Krishnamurti & the Art of Awakening
Back to The Teaching - index ››

On Happiness and Religion

This Matter of Culture | Chapter 4

Ceremonies are obviously not religion, because in performing ceremonies you are merely repeating a formula which has been handed down to you. You may find a certain pleasure in performing ceremonies, just as others do in smoking or drinking; but is that religion? In performing ceremonies you are doing something about which you know nothing. Your father and your grandfather do it, therefore you do it, and if you don't they will scold you. That is not religion, is it?

And what is in a temple? A graven image fashioned by a human being according to his own imagination. The image may be a symbol, but it is still only an image, it is not the real thing. A symbol, a word, is not the thing it represents. The word 'door' is not the door, is it? The word is not the thing. We go to the temple to worship - what? An image which is supposed to be a symbol; but the symbol is not the real thing. So why go to it? These are facts; I am not condemning; and, since they are facts, why bother about who goes to the temple, whether it be the touchable or the untouchable, the Brahman or the non-Brahman? Who cares? You see, the older people have made the symbol into a religion for which they are willing to quarrel, fight, slaughter; but God is not there. God is never in a symbol. So the worship of a symbol or of an image is not religion.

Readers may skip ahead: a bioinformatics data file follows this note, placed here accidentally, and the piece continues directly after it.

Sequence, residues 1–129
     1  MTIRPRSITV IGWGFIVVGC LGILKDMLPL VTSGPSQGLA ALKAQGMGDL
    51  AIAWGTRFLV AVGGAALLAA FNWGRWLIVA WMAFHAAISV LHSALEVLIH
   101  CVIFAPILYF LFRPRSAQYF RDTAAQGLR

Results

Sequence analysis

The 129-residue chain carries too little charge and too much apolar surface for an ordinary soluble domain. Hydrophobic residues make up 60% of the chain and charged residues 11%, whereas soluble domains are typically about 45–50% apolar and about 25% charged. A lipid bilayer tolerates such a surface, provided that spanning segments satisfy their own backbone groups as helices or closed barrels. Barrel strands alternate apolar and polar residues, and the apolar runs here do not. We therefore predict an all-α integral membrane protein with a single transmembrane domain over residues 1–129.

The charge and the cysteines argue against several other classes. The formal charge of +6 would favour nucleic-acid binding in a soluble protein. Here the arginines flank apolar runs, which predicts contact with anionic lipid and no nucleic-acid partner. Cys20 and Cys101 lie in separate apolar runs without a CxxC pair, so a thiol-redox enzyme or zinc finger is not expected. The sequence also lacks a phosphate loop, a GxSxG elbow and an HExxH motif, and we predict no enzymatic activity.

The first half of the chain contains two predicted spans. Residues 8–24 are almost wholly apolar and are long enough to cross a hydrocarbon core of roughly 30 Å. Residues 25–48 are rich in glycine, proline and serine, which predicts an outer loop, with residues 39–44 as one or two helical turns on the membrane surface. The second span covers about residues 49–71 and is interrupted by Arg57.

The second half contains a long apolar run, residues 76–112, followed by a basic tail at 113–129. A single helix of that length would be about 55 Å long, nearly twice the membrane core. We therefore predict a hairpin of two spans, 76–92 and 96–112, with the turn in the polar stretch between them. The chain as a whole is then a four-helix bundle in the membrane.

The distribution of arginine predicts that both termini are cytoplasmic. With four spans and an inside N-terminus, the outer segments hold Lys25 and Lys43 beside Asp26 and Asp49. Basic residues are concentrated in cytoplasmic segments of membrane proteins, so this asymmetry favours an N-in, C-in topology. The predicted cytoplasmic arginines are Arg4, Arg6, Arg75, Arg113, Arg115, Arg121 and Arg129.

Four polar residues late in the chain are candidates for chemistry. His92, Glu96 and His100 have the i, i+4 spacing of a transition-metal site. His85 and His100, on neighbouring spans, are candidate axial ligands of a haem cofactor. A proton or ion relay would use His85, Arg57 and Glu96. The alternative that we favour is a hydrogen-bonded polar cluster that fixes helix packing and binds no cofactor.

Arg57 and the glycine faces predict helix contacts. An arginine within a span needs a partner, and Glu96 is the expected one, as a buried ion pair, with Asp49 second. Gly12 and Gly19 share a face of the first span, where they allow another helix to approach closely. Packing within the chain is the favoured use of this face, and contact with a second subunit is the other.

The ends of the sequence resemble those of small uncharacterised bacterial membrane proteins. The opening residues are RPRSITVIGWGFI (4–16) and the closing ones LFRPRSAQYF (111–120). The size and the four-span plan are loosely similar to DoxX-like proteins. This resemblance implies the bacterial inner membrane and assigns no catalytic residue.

And is belief religion? This is more complex. We began near, and now we are going a little bit farther. Is belief religion? The Christians believe in one way, the Hindus in another, the Moslems in another, the Buddhists in still another, and they all consider themselves very religious people; they all have their temples, gods, symbols, beliefs. And is that religion? Is it religion when you believe in God, in Rama, Sita, Ishwara, and all that kind of thing? How do you get such a belief? You believe because your father and your grandfather believe; or having read what some teacher like Shankara or Buddha is supposed to have said, you believe it and say it is true. Most of you just believe what the Gita says, therefore you don't examine it clearly and simply as you would any other book; you don't try to find out what is true.

We have seen that ceremonies are not religion that going to a temple is not religion, and that belief is not religion. Belief divides people. The Christians have beliefs and so are divided both from those of other beliefs and among themselves; the Hindus are everlastingly full of enmity because they believe themselves to be Brahmans or non-Brahmans, this or that. So belief brings enmity, division, destruction, and that is obviously not religion.

Then what is religion? If you have wiped the window clean - which means that you have actually stopped performing ceremonies, given up all beliefs, ceased to follow any leader or guru - then your mind, like the window, is clean, polished, and you can see out of it very clearly. When the mind is swept clean of image of ritual, of belief, of symbol, of all words, mantrams and repetitions, and of all fear, then what you see will be the real, the timeless, the everlasting, which may be called God; but this requires enormous insight, understanding, patience, and it is only for those who really inquire into what is religion and pursue it day after day to the end. Only such people will know what is true religion. The rest are merely mouthing words, and all their ornaments and bodily decorations, their pujas and ringing of bells - all that is just superstition without any significance. It is only when the mind is in revolt against all so-called religion that it finds the real.